Thursday, March 8, 2012

The amping of rhetoric and willful ignorance

Social Media has put me in an interesting position, one that leads often to my frustration. Many of my friends from college are very liberal... I was in some ways the token conservative. Many of my friends from Seminary are very conservative... I was in many way the token libertarian (although not quite as token anymore).

This means whenever anything happens... I get the rhetoric spew from both sides. And it disgusts me.

Do you know how many "wars" I've seen people talk about this week? I've learned that some of my friends hate and control women, and I've learned that some of my friends hate babies. I've learned that some hate the poor because they do X and that others hate the poor because they do Y.

Yesterday I wrote this: "Not everything in Politics is a "war". If the headline or tagline involves the phrase "the war on ______" the piece isn't primarily focused on teaching or convincing you - it will be focused on scaring and manipulating you."

Tonight I wrote this: "If your overblown rhetoric annoys and galvanizes the other side while offending those in the middle or the fence... you probably should refrain from using it. Don't call people names, especially in frustration. It tends to backfire."

And, of course, for thinking this I was shown to be an evil conservative or a gutless liberal... depending on which side I upset.

What frustrates me the most is this... I often know folks on both sides of an argument... and I know each side's argumentation... not their posturing, not their political rhetoric... but why they hold the positions they do. There are legitimate differences of opinions, there are different priorities... and these lead to differences.

But instead of knowing this, learning this, and letting the battle be over what values should take center stage, instead of battling over how best to accomplish goals... we fall to rhetoric and name calling. We engage in a willful ignorance of our political opponents and simply are reduced to vilification to try and sway people to an emotional tie to our position.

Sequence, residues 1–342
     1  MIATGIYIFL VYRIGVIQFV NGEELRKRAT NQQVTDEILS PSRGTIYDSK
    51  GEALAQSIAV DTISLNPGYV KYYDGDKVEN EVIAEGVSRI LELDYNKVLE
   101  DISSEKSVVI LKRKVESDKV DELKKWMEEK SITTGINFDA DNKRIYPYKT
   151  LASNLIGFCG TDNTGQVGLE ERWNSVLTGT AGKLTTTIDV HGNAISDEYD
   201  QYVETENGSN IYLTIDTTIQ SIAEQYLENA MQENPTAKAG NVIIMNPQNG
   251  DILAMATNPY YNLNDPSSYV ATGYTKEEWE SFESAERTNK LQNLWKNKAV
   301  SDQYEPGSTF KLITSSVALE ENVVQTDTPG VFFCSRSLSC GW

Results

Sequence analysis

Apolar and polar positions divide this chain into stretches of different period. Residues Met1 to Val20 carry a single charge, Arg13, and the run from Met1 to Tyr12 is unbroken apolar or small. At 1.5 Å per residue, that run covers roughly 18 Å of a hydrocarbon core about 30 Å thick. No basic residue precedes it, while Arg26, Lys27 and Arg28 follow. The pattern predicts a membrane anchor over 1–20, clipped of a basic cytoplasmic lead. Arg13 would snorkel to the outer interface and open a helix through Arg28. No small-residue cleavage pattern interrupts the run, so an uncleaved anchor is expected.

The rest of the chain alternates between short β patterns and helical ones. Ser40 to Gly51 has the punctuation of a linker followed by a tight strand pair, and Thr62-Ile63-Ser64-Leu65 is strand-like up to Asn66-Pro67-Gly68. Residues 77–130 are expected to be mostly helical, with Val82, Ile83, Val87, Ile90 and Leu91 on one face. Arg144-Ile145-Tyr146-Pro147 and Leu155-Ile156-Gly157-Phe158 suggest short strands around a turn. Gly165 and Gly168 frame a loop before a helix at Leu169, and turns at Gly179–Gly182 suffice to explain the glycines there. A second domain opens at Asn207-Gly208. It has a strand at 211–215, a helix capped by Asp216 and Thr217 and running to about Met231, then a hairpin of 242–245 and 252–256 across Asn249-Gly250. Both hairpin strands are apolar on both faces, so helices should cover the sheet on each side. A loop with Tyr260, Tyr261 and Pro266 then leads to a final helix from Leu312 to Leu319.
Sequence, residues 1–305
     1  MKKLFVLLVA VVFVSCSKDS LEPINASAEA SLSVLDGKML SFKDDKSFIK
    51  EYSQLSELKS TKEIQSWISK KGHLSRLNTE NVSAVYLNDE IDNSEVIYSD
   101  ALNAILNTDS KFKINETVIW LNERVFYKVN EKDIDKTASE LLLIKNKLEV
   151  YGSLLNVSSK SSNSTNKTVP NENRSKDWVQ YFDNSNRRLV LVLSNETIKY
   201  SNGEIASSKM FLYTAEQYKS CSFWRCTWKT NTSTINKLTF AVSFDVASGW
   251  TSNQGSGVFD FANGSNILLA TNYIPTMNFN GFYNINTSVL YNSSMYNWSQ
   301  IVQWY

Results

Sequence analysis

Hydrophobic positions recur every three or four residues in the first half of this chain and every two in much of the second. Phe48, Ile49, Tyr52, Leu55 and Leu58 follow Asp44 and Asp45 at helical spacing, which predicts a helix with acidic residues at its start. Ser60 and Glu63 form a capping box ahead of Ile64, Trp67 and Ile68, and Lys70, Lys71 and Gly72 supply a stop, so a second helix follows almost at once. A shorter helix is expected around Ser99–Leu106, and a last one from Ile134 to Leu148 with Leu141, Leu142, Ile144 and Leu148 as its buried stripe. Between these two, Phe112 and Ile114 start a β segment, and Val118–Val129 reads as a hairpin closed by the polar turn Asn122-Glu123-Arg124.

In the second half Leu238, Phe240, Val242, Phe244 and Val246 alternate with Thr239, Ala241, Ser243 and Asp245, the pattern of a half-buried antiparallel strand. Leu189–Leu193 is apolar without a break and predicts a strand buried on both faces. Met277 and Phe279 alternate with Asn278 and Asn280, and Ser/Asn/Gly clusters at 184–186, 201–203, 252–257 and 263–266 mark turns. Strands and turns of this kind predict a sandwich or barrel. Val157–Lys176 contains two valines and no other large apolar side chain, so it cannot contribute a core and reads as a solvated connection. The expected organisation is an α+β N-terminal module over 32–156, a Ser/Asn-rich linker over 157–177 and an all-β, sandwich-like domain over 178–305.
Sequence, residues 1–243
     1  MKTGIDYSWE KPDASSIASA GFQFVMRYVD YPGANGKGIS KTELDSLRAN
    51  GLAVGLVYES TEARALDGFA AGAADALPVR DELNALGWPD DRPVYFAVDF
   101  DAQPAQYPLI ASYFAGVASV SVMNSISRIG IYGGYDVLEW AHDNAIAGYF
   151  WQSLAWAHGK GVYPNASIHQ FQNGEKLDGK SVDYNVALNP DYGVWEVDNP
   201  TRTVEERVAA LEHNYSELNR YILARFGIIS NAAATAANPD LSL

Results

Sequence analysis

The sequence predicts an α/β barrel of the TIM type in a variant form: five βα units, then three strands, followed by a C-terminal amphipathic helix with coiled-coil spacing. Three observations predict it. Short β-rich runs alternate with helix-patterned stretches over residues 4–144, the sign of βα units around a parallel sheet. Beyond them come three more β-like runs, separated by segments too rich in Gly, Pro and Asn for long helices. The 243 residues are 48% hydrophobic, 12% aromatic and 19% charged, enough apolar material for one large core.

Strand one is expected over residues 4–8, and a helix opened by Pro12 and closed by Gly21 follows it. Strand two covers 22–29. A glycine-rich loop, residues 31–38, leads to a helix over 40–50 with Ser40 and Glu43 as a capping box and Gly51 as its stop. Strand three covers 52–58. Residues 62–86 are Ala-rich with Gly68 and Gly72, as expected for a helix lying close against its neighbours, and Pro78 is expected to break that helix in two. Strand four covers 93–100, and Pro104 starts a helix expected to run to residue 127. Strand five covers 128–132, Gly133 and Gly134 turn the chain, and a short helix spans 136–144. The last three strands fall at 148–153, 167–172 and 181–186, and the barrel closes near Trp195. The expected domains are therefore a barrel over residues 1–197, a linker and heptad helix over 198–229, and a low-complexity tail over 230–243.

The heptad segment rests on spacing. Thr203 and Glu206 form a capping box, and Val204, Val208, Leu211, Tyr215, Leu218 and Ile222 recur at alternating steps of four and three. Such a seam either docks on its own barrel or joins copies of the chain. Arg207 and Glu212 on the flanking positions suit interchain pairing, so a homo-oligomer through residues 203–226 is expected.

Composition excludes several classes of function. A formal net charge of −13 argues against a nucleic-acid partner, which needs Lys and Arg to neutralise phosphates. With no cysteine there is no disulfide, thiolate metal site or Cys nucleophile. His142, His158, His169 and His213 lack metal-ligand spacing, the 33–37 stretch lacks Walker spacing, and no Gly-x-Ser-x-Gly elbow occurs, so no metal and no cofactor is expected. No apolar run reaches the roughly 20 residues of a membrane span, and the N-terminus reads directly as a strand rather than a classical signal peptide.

And it's disgusting.

And you know what -- it happens in almost every fight in this country. It happens not just in politics, but in our homes, in our congregations.

We do not love our neighbors who disagree with us. We do not love our political enemies and explain things in the kindest way. We do not take time to instruct, to plead. Instead, we worry about conquering and dominating.

God have mercy upon us all, but we are a mess.

1 comment:

Brown's wife said...

I think a growing mindset is that if you can understand where people are coming from, it means you are drinking the Kool-Aid. This is particularly true when matters that one considers abhorrent are involved. And I don't mean know what people say and thus "know where they're coming from," but legitimately be able to see things from another perspective and why they thus believe that their decision should be reached. This means that you must assume that what the other side is saying about their rationale is true, and that you cannot tell yourself that they don't really mean it or only think they do- for that is coloring things with your own lens again.